In the spring of 2020, COVID-19-related social distancing and shelter-in-place orders across the U.S. and internationally shifted the nature of social, work, and educational life. A concern to many is the degree to which loneliness and social isolation could have harmful and lingering effects. Evidence suggests that young adults may be particularly vulnerable to loneliness, in part because of transitions they face (e.g., moving away from home/family, making decisions about career and relationships). Reports of widespread loneliness on university campuses across the U.S. and in the U.K. abound. Published evidence examining the health effects of previous catastrophic events suggests that stressors associated with such events (both natural and manmade) can lead to increased alcohol consumption. The question for my research team was: how are students coping with this loneliness and pandemic-related stress?

Our U.S. College Student Survey

To answer this question, we administered an online survey to 215 college students (68% women) in Portland, Oregon during shelter-in-place orders in Oregon over a five-week period in April and May of 2020. During these early months of the pandemic, there was relatively limited virus exposure in Oregon (e.g., 1.3 cases per 100,000 in Oregon compared to 8.7 cases per 100,000 across the U.S). However, protective protocols, such as mask wearing, social distancing, and restricted in-person activity (e.g., in schools, businesses, shopping, leisure), were comparatively high in Oregon during this time. Not surprisingly, our students reported relatively high levels of loneliness, with 53% experiencing loneliness “sometimes” or “always.”

Most survey respondents (76%) consumed alcohol at least occasionally, on average drinking between 2 and 4 times per month. The typical quantity of consumption was 1 or 2 drinks per occasion, though 12% of men and 17% of women reported drinking 6 or more drinks on occasion at least monthly. Among drinkers, 29% reported that they had increased the quantity of their consumption since sheltering-in-place had begun in mid-March 2020.

Of concern, students with higher levels of loneliness were more motivated to drink to cope and consequently drank more frequently. We also found a similar pattern of more frequent drinking due to coping motivations among students who consumed more COVID-19-related news. However, these students did not necessarily increase the amount of alcohol they drank when they consumed.

Implications

As we described in our recent Journal of Studies on Alcohol and Drugs paper, there are multiple take-aways about university student mental health and alcohol consumption. Although it might seem that simply socializing with other people would relieve loneliness, our analysis indicates that it is the subjective feelings of loneliness, and not social isolation or being alone, that predicts drinking. Given that lonelier individuals tend to expect negative interactions with others and dwell on negative social information or events, reframing or challenging such negative thinking can serve as a powerful strategy and has been shown to reduce loneliness and associated consequences. Students may want to reassess how they engage in social media and news consumption, since increased COVID-related news consumption was predictive of coping-related drinking in our study, and other research has linked excess social media use with loneliness. For example, limiting time spent on these activities and focusing on making positive social connections are both recognized healthy strategies.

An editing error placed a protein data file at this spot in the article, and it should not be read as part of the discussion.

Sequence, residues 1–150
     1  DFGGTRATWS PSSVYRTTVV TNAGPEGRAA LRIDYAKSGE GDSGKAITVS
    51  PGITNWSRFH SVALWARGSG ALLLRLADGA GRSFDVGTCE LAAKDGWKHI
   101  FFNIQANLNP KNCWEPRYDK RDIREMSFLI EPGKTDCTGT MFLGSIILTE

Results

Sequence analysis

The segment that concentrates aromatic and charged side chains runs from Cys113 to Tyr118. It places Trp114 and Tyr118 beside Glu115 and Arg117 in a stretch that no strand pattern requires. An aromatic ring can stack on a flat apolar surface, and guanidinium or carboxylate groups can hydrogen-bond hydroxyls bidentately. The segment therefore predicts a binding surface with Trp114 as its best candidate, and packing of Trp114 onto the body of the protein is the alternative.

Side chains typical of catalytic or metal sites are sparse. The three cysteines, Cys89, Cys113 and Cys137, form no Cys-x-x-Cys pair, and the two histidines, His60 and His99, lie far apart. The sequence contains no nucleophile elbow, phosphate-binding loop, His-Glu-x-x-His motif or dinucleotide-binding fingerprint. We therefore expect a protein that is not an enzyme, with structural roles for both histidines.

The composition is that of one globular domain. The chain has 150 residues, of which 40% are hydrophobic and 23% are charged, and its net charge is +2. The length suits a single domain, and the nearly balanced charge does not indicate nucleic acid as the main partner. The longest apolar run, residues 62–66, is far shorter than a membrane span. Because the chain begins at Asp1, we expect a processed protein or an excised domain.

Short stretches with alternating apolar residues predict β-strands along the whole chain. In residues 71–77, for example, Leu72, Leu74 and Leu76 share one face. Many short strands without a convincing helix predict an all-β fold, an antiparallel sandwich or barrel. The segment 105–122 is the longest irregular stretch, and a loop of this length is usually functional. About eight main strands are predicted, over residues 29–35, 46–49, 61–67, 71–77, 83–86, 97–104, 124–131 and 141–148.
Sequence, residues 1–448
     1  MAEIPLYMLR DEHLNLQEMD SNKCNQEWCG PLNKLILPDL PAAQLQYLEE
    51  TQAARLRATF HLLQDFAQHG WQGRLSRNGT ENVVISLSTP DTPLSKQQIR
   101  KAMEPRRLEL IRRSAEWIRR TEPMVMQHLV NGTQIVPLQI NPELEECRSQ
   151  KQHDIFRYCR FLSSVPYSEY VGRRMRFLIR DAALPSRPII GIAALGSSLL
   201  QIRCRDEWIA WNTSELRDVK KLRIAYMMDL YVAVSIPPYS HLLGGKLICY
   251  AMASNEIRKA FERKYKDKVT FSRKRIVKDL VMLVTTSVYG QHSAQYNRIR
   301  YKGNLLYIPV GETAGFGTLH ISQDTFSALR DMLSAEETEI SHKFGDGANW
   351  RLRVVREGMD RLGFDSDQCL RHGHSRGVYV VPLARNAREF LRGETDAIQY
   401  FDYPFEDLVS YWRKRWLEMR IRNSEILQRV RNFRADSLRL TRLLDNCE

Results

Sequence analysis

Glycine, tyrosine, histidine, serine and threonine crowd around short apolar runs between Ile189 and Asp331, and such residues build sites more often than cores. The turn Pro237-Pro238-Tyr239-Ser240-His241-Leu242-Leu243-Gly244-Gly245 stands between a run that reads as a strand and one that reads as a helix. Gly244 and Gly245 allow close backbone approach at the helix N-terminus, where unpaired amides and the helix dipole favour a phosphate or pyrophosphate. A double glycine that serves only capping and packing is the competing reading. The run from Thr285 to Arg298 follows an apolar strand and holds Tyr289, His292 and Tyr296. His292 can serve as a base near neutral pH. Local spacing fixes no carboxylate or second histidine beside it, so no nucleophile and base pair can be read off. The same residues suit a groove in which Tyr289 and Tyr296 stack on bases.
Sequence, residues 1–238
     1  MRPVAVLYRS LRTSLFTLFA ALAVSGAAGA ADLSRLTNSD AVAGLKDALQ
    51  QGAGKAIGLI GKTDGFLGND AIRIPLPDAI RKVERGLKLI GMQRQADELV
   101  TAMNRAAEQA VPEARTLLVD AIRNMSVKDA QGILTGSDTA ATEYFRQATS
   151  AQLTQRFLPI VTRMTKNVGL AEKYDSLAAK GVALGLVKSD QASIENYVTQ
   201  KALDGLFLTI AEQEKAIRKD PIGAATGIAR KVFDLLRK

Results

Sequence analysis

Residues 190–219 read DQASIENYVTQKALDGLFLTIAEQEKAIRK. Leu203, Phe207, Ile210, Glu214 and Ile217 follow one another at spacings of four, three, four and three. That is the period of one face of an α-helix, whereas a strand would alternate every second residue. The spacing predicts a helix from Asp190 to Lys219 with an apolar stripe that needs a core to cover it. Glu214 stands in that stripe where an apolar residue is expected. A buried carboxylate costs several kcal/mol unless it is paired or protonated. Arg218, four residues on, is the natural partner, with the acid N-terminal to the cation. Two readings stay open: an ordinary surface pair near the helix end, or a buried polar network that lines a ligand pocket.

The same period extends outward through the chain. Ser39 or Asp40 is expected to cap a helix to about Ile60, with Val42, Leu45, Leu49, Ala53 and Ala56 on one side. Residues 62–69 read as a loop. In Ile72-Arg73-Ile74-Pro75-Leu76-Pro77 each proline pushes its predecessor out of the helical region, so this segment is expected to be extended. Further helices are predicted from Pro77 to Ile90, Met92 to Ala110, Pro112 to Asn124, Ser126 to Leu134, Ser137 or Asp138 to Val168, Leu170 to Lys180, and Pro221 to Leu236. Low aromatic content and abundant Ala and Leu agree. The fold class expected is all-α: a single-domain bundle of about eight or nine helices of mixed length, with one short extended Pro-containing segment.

Drinking to cope with negative experiences such as stress and loneliness is linked to the development of alcohol problems. However, coping-related drinking motives do not necessarily predict heavy drinking. Thus, effective screening for alcohol-related problems should include assessment of drinking-to-cope motivations (e.g., How often did you drink to forget about your problems?). Encouraging healthy, adaptive coping strategies – such as mindfulness-based practice, increasing physical activity, or spending time in nature – as a preventive strategy or for those individuals who are indicating drinking-to-cope motivations, can help alleviate reliance on alcohol when under stress.

The Post-pandemic Challenge Ahead

As on-campus activity resumes, it is easy to believe things will go back to “normal” relatively quickly. However, there is evidence to suggest that the lingering effects of the pandemic and associated shut-down will remain, including heightened depression and anxiety, loneliness, and stress. There may well be additional stress and anxiety associated with transitioning back to in-person activities. Additionally, many people have experienced losses in various forms, whether it be loved ones who have died, separation from friends and family, or security and access to basic needs. Further, health effects may be compounded by the already-overextended or inadequate university mental health services. Universities can play a critical role in mitigating these longer-term indirect effects of COVID, and need resources to bolster the support they are providing to meet the demands of this extraordinary time.

Written by Professor Cynthia Mohr, Department of Psychology, Portland State University and Associate Editor of Journal of Social and Clinical Psychology

All IAS Blogposts are published with the permission of the author. The views expressed are solely the author’s own and do not necessarily represent the views of the Institute of Alcohol Studies.